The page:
Ballet News Reviews | Birmingham Royal Ballet Spring Passions
Spring Passions – Daphnis and Chloë/The Two Pigeons
Birmingham Royal Ballet
Tuesday, 13th March 2012
For every saucepan, there’s a lid. But how they became separated and what happens along the way, well, that’s a whole ballet. So it is with The Two Pigeons. It’s essentially The Young Man’s ballet, so handy to have the sublime Robert Parker in the role (for the last time) tonight. Opening in a Parisian studio, The Young Man is painting (or trying to) The Young Girl, danced by Nao Sakuma. Sakuma has more than sitting for a portrait in mind, and dances the role on just the right side of innocent – with enough spice to keep things witty & interesting.
Her Young Man thinks otherwise – and becomes frustrated by her inability to sit still, and yearns to be elsewhere. When a band of gypsies arrive, it’s not long before he is enticed away by Elisha Willis as A Gypsy Girl. The gypsies dance with a ferocity that fair takes your breath away. Perfect timing, perfect costuming and perfect attitude from all the ladies. Bravo! And don’t think the men were slacking – Birmingham Royal Ballet is consistently ahead of the pack as far as their ability to get all their men in the air together is concerned.
Of course, The Gypsy Girl is quickly bored with The Young Man and anyway, she has a lover and he’s a keeper (Matthew Lawrence). So after a heady party The Young Man is thrown out, hands bound, and finds himself with plenty of time to consider the error of his ways. Throughout the ballet, bird-like motifs abound; even with his hands bound by ropes, Parker emotes the Pigeons of the title and conveys his sorrow.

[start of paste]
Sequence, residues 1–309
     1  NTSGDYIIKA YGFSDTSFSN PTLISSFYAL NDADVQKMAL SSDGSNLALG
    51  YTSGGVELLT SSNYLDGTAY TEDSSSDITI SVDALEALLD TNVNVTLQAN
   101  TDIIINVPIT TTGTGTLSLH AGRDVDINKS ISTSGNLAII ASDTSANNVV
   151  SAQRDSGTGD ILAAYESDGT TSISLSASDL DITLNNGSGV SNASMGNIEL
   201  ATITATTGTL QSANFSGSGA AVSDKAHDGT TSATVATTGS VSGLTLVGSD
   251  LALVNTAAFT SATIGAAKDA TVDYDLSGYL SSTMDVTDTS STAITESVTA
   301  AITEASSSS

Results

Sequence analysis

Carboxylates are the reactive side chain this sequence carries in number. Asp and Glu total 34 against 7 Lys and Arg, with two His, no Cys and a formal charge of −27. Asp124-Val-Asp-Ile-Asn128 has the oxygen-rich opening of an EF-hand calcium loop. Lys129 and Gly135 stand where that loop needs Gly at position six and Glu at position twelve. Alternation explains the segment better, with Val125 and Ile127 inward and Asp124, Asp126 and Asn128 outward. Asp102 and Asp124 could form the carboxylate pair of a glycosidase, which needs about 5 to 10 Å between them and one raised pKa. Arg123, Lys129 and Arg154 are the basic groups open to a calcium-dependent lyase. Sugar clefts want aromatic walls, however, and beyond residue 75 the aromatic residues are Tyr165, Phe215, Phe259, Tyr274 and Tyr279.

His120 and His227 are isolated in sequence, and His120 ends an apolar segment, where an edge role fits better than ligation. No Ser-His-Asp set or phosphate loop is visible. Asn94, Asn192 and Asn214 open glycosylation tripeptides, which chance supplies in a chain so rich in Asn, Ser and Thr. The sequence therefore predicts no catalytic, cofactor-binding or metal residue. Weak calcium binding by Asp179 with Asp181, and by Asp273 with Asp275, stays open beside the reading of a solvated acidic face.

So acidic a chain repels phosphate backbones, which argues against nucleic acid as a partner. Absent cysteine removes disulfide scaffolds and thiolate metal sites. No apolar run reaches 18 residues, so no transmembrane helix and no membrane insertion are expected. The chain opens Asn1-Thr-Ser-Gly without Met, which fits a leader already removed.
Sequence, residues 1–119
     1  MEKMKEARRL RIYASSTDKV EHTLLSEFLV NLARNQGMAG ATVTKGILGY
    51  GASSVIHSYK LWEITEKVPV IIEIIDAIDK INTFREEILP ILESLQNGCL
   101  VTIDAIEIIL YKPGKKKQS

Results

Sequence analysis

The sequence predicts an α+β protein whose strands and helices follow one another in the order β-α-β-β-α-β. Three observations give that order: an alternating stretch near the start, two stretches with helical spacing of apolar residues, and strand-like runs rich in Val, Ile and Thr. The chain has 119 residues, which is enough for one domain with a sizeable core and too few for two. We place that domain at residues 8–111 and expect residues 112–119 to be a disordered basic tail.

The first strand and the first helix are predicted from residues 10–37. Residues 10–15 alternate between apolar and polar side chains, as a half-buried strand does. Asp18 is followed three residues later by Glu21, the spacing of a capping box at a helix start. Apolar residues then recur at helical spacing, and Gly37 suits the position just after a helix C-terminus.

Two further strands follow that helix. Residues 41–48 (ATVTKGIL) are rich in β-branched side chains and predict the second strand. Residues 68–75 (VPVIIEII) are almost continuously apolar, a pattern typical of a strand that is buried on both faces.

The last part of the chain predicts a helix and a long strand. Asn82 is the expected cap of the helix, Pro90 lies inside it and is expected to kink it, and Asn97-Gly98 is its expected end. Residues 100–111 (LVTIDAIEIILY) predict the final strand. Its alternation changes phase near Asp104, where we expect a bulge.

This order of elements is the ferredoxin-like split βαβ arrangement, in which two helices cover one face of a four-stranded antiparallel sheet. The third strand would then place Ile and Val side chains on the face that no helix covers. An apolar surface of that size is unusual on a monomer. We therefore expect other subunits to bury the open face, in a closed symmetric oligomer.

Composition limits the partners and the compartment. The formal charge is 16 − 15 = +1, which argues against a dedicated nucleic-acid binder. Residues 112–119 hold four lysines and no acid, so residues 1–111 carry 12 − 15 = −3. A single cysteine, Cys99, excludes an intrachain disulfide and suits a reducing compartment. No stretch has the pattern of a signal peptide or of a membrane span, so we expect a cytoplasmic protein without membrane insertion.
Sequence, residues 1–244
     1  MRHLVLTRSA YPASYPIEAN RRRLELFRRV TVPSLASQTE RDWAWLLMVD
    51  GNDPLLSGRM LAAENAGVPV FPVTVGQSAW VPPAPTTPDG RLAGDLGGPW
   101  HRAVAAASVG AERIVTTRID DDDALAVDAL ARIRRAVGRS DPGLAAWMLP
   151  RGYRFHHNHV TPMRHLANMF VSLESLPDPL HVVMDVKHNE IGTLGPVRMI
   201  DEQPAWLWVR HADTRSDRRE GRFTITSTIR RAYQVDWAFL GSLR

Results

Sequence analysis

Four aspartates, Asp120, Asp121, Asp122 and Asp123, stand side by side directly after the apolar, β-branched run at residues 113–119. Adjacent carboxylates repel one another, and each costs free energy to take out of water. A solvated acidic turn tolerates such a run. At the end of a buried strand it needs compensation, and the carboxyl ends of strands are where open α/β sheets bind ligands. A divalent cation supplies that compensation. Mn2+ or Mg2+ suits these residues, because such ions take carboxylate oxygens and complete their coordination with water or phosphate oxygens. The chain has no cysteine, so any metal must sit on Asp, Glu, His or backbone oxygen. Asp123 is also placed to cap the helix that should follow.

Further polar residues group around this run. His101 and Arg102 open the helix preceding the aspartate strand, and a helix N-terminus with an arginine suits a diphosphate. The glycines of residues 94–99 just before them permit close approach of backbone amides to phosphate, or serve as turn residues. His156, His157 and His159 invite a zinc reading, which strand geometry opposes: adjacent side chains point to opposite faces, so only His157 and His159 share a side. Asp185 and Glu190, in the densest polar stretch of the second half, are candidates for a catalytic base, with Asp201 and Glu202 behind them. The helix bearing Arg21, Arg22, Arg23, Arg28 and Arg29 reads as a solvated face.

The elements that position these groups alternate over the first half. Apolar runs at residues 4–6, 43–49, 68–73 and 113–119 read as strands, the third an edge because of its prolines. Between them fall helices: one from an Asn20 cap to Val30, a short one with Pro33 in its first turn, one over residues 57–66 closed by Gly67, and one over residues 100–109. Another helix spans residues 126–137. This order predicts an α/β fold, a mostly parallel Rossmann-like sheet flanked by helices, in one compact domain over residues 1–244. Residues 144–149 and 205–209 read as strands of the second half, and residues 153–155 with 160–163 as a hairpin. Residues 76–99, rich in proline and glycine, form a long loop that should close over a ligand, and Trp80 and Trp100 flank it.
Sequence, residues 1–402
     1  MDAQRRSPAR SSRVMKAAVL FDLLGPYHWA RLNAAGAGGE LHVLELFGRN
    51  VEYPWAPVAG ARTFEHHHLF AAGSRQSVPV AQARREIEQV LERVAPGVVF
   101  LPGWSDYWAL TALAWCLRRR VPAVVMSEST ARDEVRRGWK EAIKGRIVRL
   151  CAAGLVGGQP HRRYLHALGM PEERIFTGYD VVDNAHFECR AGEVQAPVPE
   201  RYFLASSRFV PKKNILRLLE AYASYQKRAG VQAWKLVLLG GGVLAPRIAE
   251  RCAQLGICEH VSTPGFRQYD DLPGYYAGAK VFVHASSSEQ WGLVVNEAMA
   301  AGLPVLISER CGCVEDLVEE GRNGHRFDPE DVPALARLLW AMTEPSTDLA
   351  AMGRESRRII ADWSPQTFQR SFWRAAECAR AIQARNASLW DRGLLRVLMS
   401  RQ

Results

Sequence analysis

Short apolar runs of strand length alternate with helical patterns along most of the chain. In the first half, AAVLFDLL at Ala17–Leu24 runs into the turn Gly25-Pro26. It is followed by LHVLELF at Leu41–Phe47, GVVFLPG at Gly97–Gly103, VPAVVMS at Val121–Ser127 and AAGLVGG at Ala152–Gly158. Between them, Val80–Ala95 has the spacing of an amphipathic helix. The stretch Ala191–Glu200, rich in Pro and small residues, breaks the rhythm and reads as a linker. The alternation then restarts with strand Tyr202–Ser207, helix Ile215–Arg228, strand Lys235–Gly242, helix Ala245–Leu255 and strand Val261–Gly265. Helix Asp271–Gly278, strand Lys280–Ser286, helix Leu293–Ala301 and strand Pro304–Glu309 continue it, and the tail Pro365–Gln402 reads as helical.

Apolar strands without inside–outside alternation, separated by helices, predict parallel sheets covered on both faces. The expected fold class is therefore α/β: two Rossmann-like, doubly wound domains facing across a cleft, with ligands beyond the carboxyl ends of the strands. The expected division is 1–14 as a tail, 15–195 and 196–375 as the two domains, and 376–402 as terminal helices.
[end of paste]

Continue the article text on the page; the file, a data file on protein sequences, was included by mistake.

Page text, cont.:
Bringing a pigeon back to the studio, The Young Man finds The Young Girl lying on the floor in a broken pose. Tenderly they are reunited and the pair of pigeons roost on the chair together. Did the pigeons behave ? Well, almost. One had a touch of stage fright but both stayed put.
Something else of note tonight – silent feet. Yes, soundless pointe shoes. For all those of you who bemoan the noise – this is how it’s done.
Daphnis and Chloë fared less well. Yes, the dancing was still top-notch, but the flimsy story doesn’t come across well and the dancers have little to do beyond wafting and dipping their heads from time to time. Elisha Willis and Iain Mackay, in the title roles, did their best to convey the story, but the Nymphs of Pan aren’t the easiest characters to start with.
Shepherds and shepherdesses waft and wane in front of Pan’s cave; Daphnis and Chloë declare their love but are interrupted by the arrival of Lykanion and Dorkon, who cause trouble since Lykanion has designs on Daphnis. The appearance of a band of pirates signals trouble for Chloë, who is whisked away. It takes Pan and his Nymphs to find her and restore order.
Tyrone Singleton, as a pirate chief, danced with fire in his belly and fearlessness on his face among his crew of squabbling vixens. Céline Gittens, Victoria Marr and Jenna Roberts spent the longest time in make-up as the aforementioned Nymphs and it was worth it. They danced with precision and poise.
The spirited finale suits the Company as it displays again their superb musicality and timing.
Spring Passions at the London Coliseum can be seen tonight (14th March) only.
Coppélia opens at the London Coliseum on 15th March and includes – for the first time – a Sunday performance :
|Thu 15 Mar 2012||19:30|
|Fri 16 Mar 2012||19:30|
|Sat 17 Mar 2012||14:30|
|Sat 17 Mar 2012||19:30|
|Sun 18 Mar 2012||13:00|